'Swedish Death Metal' Author Daniel Ekeroth's Five Favorite Albums of 2011
Any self-respecting fan of the genre, and its influential Scandinavian scene, already probably owns Ekeroth's 2008 book 'Swedish Death Metal.' Born and raised in Sweden, Ekeroth's deep knowledge of the underground metal scene and its countless subgenres is unparalleled. 'Swedish Death Metal' even made Noisecreep's 'Top 10 Heavy Metal Books' list in 2010.
Last year Ekeroth released 'Swedish Sensationsfilms: A Clandestine History of Sex, Thrillers and Kicker Cinema' a book exploring the underground Swedish movie scene of the '60s to the early '90s. An exhaustive and well-researched document of a largely ignored cinematic movement, Ekeroth does a stellar job walking the reader through Sweden's rich exploitation film history.
Since he's the authority on the subject, Noisecreep asked Ekeroth to give us his list of the five best Swedish death metal albums of 2011.
5. 'Ghouls of the Endless Night'
Bastard Priest (Blood Harvest)
"Absolutely nothing is new on Bastard Priest's second album compared to 2008's 'Under the Hammer of Destruction.' But then again, nothing was new on the debut, either. The raw and filthy sound, the riffs, the vocals, the lyrics, we've heard it all before. But are you looking for originality here? I know I'm not. This is perfectly executed unclean, disease ridden Swedish death metal. What more can you ask for? Bastard Priest pretty much sums up my love for the genre with their severely punky, dirty, aggressive, no-nonsense sound. Here's hoping for absolutely no progress for their next album."
4. 'In Death EP'
Invidious (Imperium Productions)
"I discovered Invidious when they were mere kids, back when they were named Katalysator. Watching them open for my band Insision in 2005, I was super impressed with how these teenagers picked up the Swedish death metal ball from where someone dropped it in the early '90s. One name change and several other projects later, Invidious finally released their first EP earlier this year. Was it worth the wait? Hell yes, this is awesome! 'In Death' is four songs of occult, maggot-infested, furious death metal. It actually sounds a lot like the almighty Repugnant, a reference that should have you creaming your pants in excitement. Actually, guitarist Gottfrid Åhman can be found in the newly reanimated version of Repugnant and the member's moonlight in a number of other great bands, such as Graveless, Degial, In Solitude, and Ensnared. This is a great EP, but I expect the next release to be more of a contender to whatever Morbus Chron has in store for the future. I know Invidious have it in them."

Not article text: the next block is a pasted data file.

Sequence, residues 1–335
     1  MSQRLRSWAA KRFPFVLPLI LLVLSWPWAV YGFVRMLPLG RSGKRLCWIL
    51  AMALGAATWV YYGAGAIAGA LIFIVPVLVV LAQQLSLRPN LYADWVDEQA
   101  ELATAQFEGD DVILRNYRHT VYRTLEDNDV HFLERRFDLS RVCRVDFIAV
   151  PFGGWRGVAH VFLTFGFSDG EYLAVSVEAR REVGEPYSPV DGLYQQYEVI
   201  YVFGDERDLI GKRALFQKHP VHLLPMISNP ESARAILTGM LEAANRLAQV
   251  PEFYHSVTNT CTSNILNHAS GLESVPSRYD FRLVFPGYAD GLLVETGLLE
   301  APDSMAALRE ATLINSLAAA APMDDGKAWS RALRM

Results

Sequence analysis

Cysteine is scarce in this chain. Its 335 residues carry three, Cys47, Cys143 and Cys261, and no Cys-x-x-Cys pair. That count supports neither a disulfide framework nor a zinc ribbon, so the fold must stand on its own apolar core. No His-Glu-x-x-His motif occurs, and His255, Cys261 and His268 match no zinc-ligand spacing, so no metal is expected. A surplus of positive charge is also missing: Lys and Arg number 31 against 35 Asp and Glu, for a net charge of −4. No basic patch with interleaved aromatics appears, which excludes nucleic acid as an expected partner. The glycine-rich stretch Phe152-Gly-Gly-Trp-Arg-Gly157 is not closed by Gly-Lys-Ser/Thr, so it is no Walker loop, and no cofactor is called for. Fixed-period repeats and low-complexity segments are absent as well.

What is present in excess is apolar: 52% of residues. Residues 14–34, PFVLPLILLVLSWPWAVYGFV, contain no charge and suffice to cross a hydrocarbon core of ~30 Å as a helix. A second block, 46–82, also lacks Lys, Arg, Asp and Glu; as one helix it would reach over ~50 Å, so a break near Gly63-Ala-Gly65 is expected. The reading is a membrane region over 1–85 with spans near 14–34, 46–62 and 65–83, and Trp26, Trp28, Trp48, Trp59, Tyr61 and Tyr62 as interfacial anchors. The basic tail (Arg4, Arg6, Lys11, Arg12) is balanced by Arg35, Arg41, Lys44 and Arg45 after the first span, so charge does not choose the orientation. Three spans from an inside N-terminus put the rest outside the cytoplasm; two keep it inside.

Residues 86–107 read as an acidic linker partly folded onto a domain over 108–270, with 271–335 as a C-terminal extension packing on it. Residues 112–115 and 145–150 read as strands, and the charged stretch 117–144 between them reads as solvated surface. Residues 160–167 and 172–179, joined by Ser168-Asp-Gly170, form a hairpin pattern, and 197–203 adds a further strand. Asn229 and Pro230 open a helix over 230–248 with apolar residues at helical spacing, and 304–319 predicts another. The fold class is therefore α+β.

3. 'Inevitable Decay'
Entrench (Abyss Records)
"Entrench was the pleasant surprise of the year for me. They've released a bunch of demos in the past but I hadn't followed their exploits until I was floored by the thrash attack of their debut album 'Inevitable Decay.' It seems like the rumor of an awesome German band named Kreator has finally reached their hometown of Västerås -- a small, backwards town that is always slow to catch on to any outside tendencies -- and the guys from Entrench obviously managed to get their hands on a copy of 'Pleasure to Kill.' Nothing is held back here and the album is simply full speed ahead, balls-to-the-wall thrash, perfectly produced and flawlessly executed. If you're not banging your head the second the needle hits the record, you might as well just shoot yourself. Maybe the first Nihilist demos will reach Västerås in a year or two? Expect greatness from the "Town of cucumbers.""
2. 'Church of Death'
Vanhelgd (Nuclear War Now! Productions)
"Not your feel-good album of the year, Vanhelgd's follow up the their 2008 'Cult of Lazarus' debut is a dark brew indeed. Its brutal punkish death metal is once again topped off by an agonizing touch of black metal. However, what truly takes 'Church of Death' to the next level are the amazing melodic elements that haunt the album from start to finish. Don't worry, we're not talking lame Gothenburg melodies here -- this is chilly stuff, so dark that it enhances the brutality and overall feeling of doom. As usual, Vanhelgd mixes Swedish and English vocals but the anxiety and desperation really shines through in the Swedish songs. Go figure."
1. 'Sleepers in the Rift'
Morbus Chron (Pulverised Records)
"Even if non-Swedish releases were included to this list, you'd still find Morbus Chron in the number one spot. As a matter of fact, this is perhaps one of the absolute best death metal efforts of the decade. The supremely heavy 'Sleepers in the Rift' echoes of Autopsy and 'Scream Bloody Gore'-era Death as well as early Swedish bands such as Nihilist. The sound is raw with a demented twist and the member's appreciation for '70s heavy rock definitely shines through as the sound is crowned by a healthy dose of psychedelia. This might sound like pretty familiar territory but Morbus Chron has a certain je ne sais quoi about them that is totally irresistible. As icing on the cake, they even manage to reanimate the humor that was so characteristic for the early Swedish scene: "Human brought in, dripping with pus/Doctors approach, much to discuss/Disfigure the body, amputate the head/State is confirmed as dead." Exquisite."